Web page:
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How To Protect Your Back While You Sit at the Computer

Updated on July 15, 2019
vocalcoach profile image

Audrey injured her back due to poor sitting habits while at the computer. After physical therapy, she learned how to prevent back problems.

The Benefits of Using Good Posture

Posture is the position in which you hold your body upright against gravity while standing, sitting or lying down. Good posture involves training your body to stand, walk, sit and lie in positions where the least strain is placed on supporting muscles and ligaments during movement or weight-bearing activities.

A healthy back has three natural curves:

  • An inward or forward curve at the neck (cervical curve)
  • An outward or backward curve at the upper back (thoracic curve)
  • An inward curve at the lower back (lumbar curve)

When we practice good posture, it helps in maintaining these natural curves. When we forget good posture, the opposite happens - with poor posture we can pull a muscle which causes pain.

Correct posture:

  • Keeps bones and joints in the correct alignment so that muscles are being used properly.
  • Helps decrease the abnormal wearing of joint surfaces that could result in arthritis.
  • Decreases the stress on the ligaments holding the joints of the spine together.
  • Prevents the spine from becoming fixed in abnormal positions.
  • Prevents fatigue because muscles are being used more efficiently, allowing the body to use less energy.
  • Prevents strain or overuse problems.
  • Prevents backache and muscular pain.
  • Contributes to a good appearance
  • Appear taller than you are

Sitting at the computer - right?  Wrong!
Sitting at the computer - right? Wrong! | Source

Checking Your Posture When Sitting At The Computer

When you first begin to make definite changes in the way you sit at the computer, you will not feel as relaxed as you normally do, and this is normal. Your body isn't used to the new changes you're making. Keep in mind that your goal is to keep your spine straight (except for the natural lower curve).

To do this, you may need to put a small pillow at your back. You can also roll up a towel, placing it in the needed area.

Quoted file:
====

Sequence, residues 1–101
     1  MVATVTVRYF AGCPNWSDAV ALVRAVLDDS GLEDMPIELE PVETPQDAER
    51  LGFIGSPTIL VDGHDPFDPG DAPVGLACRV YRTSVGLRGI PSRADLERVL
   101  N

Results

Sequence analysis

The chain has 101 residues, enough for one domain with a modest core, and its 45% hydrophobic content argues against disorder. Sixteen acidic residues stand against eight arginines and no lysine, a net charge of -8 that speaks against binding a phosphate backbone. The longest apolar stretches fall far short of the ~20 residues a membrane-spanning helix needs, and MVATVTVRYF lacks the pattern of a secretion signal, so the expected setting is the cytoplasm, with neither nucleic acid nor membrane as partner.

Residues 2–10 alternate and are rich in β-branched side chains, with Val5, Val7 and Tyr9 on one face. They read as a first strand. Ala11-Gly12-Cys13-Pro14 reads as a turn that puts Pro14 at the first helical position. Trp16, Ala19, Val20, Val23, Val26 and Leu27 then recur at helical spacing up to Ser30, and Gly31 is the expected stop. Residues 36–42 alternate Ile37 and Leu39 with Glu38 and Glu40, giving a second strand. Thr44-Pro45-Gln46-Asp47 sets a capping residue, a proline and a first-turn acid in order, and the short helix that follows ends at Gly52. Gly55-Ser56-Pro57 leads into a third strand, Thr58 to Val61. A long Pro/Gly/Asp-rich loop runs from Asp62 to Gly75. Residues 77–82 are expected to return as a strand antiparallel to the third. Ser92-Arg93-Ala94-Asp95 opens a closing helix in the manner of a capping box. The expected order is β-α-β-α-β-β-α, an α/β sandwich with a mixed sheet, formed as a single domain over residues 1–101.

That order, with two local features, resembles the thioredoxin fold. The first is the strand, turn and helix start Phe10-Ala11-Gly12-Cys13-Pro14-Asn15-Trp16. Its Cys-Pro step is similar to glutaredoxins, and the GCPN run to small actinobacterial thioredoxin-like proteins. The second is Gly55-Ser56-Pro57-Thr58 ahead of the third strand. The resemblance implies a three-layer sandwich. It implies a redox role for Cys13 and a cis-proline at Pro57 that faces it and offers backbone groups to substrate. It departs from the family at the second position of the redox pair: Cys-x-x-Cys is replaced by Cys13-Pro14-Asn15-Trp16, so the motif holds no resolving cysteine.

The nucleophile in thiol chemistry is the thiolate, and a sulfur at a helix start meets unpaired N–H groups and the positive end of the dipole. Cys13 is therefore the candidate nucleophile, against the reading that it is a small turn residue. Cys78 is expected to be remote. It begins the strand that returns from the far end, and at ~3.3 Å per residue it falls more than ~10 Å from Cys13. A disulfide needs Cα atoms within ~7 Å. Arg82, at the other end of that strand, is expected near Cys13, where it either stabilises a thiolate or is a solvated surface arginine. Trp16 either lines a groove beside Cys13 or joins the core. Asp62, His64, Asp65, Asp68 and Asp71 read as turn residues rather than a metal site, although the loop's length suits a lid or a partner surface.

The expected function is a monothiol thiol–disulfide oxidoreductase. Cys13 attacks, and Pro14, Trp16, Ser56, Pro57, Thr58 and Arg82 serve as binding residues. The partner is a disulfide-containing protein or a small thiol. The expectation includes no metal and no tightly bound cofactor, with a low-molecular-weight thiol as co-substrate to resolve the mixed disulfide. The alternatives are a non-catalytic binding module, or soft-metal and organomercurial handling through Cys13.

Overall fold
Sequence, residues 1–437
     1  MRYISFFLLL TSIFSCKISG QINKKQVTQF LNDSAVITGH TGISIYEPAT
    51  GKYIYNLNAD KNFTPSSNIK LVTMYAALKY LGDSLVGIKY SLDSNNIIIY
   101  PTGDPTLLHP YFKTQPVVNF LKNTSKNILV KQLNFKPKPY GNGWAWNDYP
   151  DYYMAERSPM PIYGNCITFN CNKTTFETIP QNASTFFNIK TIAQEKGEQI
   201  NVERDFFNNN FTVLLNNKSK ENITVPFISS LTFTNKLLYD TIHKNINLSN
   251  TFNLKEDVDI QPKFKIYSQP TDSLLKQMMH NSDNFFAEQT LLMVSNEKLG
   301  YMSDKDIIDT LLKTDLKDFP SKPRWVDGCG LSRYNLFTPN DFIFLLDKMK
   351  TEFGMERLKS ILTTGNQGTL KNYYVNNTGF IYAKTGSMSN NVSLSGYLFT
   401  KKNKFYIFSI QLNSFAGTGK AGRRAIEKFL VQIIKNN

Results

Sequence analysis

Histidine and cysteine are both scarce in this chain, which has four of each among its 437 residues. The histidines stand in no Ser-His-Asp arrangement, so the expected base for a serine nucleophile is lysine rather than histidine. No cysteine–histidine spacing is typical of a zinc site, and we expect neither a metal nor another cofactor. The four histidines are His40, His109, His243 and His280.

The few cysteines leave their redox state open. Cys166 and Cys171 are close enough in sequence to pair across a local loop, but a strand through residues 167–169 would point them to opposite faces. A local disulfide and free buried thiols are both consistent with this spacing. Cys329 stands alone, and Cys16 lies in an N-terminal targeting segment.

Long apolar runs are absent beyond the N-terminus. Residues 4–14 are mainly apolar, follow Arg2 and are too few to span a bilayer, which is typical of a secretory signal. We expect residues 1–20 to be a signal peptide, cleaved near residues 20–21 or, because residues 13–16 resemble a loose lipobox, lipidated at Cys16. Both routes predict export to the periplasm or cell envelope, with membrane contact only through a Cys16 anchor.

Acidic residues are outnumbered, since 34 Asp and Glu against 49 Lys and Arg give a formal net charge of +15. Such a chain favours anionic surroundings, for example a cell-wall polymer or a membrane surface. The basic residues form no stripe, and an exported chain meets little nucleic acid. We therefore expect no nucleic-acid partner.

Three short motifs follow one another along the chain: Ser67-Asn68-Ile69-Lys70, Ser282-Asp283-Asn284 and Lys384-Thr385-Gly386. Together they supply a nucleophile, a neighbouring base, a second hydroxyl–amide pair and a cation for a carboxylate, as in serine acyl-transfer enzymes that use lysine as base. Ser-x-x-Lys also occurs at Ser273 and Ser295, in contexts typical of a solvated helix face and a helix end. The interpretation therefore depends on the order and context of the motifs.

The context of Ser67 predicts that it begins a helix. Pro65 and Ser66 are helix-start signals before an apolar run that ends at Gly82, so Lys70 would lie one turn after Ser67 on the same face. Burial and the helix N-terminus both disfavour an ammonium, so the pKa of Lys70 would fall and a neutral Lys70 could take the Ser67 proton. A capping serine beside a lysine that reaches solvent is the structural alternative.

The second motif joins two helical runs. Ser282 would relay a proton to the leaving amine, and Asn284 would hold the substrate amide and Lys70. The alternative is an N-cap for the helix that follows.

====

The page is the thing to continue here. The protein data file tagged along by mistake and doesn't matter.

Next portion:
"Deviations in the body's center of gravity caused poor posture, which resulted in intestinal problems, hemorrhoids, varicose veins, osteoporosis, hip and foot deformities, poor health, decreased quality of life, and a shortened life span."

-Freeman JT., Posture in the Aging and Aged Body, JAMA 1957; 165(7), pp 843-846 JAMA (Journal of the American Medical Association)

The above statement clearly states what can happen to the body when correct posture is not maintained.

When sitting or standing, make a conscious habit of "pulling in" the stomach as a way to raise the thoracic area (chest). If your stomach muscles are weak, you will feel a little muscle ache after you repeat this action a number of times.

Check your neck when sitting at the computer. Your ears should be directly above the shoulders. Avoid what is known as "forward neck", as this causes stiff neck and neck pain. Be sure to do a few head rolls, and if this makes you dizzy, turn your head from side to side to keep it flexible. another good stretch is to lower your chin to your chest - slowly and then tilt the head back.

Refrain from sitting for more than 20 minutes at the computer and take a 10-20 minute break. Your body loves to be stretched. I try to stretch 3-4 times a day, followed by a nice cold glass of water. Your mind also appreciates a break now and then. Giving it a short rest from the computer will bring you clarity and focus.